Friday, 3 January 2014

No News Like Good News

I contributed this week’s ‘Connecting with Culture’, a weekly email service provided by the London Institute for Contemporary Christianity.

News aficionados have been looking back at what made the headlines in 2013, from the sublime to the ridiculous and everything in between: Barack Obama inaugurated for a second term, the remains of Richard III discovered under a Leicester car park, the House of Commons vote on same-sex marriage, Andy Murray’s win at Wimbledon, the birth of a royal baby, a new Pope, a new Archbishop of Canterbury, a new manager for Manchester United, ongoing civil conflict in Egypt and Syria, Typhoon Haiyan, the passing of Margaret Thatcher and Nelson Mandela, twerking, selfies.

All this raises the question as to what 2014 might hold, aside from what we can already anticipate: the centenary of the start of the First World War; the referendum on Scottish independence; the FIFA World Cup; the withdrawal of troops from Afghanistan; the second cinematic installment of The Amazing Spider-Man and the third of The Hobbit; new non-fiction and fiction from Germaine Greer, Hanif Kureishi, Alain de Botton, Stephen King, Naomi Klein, and Martin Amis. 2014, like 2013, will offer plenty of opportunities for Christians to ‘connect’ with culture.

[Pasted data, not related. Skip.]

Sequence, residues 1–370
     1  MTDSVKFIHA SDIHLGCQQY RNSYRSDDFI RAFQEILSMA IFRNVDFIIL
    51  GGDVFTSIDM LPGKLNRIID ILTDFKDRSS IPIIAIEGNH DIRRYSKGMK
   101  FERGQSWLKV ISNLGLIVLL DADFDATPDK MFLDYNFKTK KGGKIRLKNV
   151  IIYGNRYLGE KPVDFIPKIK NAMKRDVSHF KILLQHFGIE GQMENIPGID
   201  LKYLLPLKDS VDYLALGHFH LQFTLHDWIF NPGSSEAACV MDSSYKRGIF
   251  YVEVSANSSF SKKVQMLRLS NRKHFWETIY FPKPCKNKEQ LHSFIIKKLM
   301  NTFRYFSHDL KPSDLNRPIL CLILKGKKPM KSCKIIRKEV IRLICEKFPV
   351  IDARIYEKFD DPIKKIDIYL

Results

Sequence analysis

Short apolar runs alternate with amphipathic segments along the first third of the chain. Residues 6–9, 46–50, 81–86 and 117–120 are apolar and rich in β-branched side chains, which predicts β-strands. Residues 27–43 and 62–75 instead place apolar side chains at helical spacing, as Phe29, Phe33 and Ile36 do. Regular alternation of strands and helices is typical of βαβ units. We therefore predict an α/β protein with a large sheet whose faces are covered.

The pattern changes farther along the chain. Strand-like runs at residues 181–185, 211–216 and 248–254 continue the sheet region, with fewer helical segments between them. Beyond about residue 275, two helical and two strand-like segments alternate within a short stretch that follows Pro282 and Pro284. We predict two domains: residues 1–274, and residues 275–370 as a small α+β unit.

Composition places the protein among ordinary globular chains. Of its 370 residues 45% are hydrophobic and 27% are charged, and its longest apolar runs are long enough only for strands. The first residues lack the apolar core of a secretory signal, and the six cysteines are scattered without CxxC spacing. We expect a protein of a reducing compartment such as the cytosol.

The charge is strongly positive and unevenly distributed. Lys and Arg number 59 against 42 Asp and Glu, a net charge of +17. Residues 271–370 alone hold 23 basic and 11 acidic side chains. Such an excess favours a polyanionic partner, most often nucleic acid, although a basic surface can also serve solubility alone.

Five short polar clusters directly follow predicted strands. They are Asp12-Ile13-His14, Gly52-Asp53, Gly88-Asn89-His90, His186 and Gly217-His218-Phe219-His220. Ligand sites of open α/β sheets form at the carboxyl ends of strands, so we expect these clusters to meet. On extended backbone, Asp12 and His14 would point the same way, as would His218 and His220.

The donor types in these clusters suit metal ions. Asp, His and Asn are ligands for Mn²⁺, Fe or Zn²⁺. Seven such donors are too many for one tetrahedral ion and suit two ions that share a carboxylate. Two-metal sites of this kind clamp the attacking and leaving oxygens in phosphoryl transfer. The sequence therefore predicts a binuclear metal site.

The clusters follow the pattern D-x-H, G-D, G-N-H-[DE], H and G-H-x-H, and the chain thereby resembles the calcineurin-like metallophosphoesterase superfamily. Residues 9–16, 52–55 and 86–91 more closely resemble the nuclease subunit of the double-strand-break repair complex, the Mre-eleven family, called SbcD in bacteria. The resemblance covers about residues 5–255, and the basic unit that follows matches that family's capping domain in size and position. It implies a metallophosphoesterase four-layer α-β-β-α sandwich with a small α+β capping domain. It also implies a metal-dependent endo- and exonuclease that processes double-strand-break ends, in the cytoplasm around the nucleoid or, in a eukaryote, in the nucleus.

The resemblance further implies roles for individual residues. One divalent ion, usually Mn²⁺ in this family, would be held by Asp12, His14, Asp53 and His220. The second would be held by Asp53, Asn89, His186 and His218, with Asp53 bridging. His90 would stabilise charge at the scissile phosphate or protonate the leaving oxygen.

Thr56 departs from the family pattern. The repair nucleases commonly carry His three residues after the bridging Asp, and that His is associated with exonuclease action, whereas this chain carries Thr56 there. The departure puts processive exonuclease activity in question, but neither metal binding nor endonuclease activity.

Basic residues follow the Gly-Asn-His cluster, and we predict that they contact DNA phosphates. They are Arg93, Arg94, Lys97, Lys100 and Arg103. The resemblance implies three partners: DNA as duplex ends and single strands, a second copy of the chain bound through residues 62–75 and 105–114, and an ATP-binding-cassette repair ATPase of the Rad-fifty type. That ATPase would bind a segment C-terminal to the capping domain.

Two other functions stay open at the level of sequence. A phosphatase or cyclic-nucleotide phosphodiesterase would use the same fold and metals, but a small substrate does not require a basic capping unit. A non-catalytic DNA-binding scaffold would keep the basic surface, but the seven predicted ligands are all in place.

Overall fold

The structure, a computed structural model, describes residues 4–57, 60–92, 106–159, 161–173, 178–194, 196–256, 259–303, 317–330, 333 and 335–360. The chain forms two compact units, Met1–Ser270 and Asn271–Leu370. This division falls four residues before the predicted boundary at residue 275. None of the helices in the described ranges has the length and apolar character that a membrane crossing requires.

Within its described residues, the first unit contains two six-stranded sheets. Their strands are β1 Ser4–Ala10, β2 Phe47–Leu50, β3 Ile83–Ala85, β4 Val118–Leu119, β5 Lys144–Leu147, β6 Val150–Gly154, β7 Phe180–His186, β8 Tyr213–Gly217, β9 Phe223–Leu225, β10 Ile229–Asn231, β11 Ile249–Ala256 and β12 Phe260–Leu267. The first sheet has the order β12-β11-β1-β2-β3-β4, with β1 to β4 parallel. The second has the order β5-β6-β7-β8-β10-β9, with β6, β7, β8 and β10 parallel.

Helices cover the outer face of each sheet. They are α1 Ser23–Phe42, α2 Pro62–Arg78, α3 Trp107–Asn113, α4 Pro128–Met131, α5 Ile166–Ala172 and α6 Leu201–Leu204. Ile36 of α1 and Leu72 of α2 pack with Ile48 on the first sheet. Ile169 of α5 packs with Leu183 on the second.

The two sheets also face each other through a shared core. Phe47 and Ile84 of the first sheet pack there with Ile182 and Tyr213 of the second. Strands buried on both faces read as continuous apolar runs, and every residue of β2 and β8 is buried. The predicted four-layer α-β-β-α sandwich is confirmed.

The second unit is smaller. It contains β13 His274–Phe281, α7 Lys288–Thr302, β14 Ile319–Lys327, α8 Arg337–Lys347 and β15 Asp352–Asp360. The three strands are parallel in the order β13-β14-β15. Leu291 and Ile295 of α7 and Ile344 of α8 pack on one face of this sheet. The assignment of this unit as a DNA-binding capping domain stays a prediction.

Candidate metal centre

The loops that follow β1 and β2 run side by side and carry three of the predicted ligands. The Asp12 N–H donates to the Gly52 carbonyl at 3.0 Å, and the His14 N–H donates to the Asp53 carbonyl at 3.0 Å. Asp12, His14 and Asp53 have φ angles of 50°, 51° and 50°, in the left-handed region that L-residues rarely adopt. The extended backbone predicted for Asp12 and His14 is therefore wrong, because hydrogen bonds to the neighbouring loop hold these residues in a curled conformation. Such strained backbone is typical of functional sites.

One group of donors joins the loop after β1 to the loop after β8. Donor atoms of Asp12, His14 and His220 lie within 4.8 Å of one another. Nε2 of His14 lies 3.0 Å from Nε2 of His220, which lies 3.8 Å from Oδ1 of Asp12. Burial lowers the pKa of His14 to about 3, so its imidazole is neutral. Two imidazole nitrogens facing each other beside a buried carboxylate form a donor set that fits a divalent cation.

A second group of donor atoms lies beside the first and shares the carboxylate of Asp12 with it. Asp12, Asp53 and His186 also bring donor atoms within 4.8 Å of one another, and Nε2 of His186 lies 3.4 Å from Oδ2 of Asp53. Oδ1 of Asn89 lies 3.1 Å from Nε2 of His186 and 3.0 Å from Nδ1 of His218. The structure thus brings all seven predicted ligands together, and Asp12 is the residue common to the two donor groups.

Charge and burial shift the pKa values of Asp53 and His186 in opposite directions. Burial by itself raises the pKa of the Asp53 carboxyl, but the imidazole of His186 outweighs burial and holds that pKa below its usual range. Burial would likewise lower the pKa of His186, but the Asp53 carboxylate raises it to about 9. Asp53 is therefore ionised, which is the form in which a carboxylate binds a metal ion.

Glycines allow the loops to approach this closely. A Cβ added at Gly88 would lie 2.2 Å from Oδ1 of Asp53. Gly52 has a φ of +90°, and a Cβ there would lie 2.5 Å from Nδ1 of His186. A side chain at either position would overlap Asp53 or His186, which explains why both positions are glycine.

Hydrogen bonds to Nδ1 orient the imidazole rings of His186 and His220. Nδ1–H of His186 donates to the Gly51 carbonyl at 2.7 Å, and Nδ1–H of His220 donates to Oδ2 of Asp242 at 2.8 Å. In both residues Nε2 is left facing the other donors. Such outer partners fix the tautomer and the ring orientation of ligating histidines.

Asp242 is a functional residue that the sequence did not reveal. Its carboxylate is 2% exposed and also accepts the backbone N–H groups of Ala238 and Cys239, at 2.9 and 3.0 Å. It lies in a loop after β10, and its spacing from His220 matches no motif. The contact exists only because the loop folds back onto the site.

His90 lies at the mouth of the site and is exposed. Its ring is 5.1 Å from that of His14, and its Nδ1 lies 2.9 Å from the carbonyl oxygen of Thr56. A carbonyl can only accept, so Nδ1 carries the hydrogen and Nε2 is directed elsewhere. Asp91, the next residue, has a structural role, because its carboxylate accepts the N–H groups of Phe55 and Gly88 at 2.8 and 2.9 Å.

As we do so, we can feel confident about bringing a Christian perspective into everyday conversations. To be sure, we’ll want to consume discerningly, critique carefully and contribute positively. But we can do so with complete trust in the God who has promised to bring all things under his gracious rule. So, we engage with culture with a conviction that comes from being people of the gospel – where the gospel is not a set of good instructions or a piece of good advice, but the good news of what God himself has done and will do for the world through the work of his Son, our Lord Jesus Christ.

A.N. Wilson arguably caught something of the spirit of that in a Christmas piece in The Telegraph, insisting that ‘the alleged fading of Christianity cannot rid it of its power to transform lives’. That the transforming work belongs ultimately to God doesn’t reduce us to a passive, beleaguered people. Instead, we are a sign and embodiment of God’s redemptive presence in the world, where the grassroots practices of church life and discipleship spill over into active citizenship and cultural engagement. Marked by the character of Christ, we seek to be people of good news as well as bearers of good news.

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